RSA Researchers claim to have uncovered a five-year Chinese hacking operation aimed at bolstering Beijing's naval might and trade deals to the detriment of the world's democracies and maritime hardware makers.
In a report issued conveniently just in time for the RSA Security Conference in San Francisco this week, IT threat watchdog FireEye claimed a group of state-backed hackers dubbed APT40 compromised manufacturers to siphon tech blueprints and intelligence that could be used to modernize China's navy – and even sought to influence foreign elections.
FireEye's Fred Plan, Nalani Fraser, Jacqueline O’Leary, Vincent Cannon, and Ben Read, explained on Monday how they once thought the cyber-intrusions were the work of two separate crews of miscreants, dubbed TEMP.Periscope and TEMP.Jumper. However, the two operations were in fact merged into one by the researchers, and attributed to a Beijing-sponsored hacking effort: APT40.
Here's the caper: China hopes to improve its naval fleet with new boats featuring all the modern tech trappings, and so its government-controlled hackers were ordered to steal details of components from manufacturers around the globe. The spies also tried swinging elections in various nations in any way that favored the Middle Kingdom's "One Belt, One Road" initiative – an effort to improve its international trade routes.
"The group has specifically targeted engineering, transportation, and the defense industry, especially where these sectors overlap with maritime technologies," Team FireEye claimed. "More recently, we have also observed specific targeting of countries strategically important to the Belt and Road Initiative including Cambodia, Belgium, Germany, Hong Kong, Philippines, Malaysia, Norway, Saudi Arabia, Switzerland, the United States, and the United Kingdom."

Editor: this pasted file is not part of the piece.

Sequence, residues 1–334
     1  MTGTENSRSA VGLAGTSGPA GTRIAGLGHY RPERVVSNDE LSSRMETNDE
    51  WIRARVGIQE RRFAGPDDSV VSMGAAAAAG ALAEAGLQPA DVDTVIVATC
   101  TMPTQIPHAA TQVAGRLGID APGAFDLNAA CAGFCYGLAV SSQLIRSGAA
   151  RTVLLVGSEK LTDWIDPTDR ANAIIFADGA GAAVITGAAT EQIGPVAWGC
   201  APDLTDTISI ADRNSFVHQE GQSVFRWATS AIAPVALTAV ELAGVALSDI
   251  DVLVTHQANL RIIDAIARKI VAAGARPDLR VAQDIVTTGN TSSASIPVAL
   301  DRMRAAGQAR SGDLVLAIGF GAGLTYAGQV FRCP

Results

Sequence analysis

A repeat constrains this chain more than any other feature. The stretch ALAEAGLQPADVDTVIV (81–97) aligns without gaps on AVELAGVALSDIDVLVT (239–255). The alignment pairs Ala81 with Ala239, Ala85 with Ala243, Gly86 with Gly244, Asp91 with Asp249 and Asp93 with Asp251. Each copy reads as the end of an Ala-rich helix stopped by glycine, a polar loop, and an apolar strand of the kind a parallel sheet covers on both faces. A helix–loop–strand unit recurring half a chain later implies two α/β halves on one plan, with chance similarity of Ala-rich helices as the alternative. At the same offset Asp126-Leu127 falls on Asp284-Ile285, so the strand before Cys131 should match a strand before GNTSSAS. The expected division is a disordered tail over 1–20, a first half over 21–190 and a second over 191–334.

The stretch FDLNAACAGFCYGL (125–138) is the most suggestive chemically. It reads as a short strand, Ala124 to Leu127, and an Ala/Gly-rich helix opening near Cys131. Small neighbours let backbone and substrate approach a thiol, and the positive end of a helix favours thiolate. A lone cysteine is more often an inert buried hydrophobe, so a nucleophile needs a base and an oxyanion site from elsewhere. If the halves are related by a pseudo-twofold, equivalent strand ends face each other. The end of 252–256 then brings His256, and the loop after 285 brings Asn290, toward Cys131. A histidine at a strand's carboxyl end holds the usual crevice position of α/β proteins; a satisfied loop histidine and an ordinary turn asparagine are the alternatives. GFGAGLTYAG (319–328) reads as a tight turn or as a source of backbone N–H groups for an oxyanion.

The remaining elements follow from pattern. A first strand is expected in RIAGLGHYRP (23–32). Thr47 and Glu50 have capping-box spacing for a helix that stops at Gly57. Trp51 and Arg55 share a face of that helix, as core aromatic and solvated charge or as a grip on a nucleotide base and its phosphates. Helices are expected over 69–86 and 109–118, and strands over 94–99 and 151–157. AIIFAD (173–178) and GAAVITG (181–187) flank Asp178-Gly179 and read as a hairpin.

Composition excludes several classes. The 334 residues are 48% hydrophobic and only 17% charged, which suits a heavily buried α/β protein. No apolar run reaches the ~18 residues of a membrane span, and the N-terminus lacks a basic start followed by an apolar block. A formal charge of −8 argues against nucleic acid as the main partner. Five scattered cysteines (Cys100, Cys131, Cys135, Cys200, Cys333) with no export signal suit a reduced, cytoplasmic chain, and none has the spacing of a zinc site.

Show us some proof
In pointing the finger at China, FireEye identified the industries and location of the targets – which happened to be relevant to China's naval interests – and the particular time frame of the hacking: most operations took place during China business hours. The hackers also used servers located in China, and the command and control PCs probed by the researchers all ran Chinese language settings.
Attribution, of course, is hard, and yes, the cynical among us will say this is all planted information to pin the blame on China. On the other hand, this is the conclusion FireEye has come to: it woz Beijing.
In addition to the tried-and-true methods of spear-phishing victims with poisoned attachments to open, the APT40 group also seeded specific webpages with exploit code that tried to install backdoor malware on systems when visited by targets. If infected, the computers could be remotely controlled and spied upon.
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From there, it is said the Chinese attackers harvested the infected machine's account credentials and used those to access other areas of the targeted company's network and perform reconnaissance. Finally, the hackers archived and exfiltrated any blueprints and intelligence they found, and bounced the lot through multiple machines before finally downloading it to a friendly server.
Interestingly, the focus on maritime technology did not last long. FireEye noted that over the past two years, the group has shifted its attention towards election meddling in countries where China has a trade interest.
"Based on APT40’s broadening into election-related targets in 2017, we assess with moderate confidence that the group’s future targeting will affect additional sectors beyond maritime, driven by events such as China’s Belt and Road Initiative," FireEye concluded.
"In particular, as individual Belt and Road projects unfold, we are likely to see continued activity by APT40 which extends against the project’s regional opponents." ®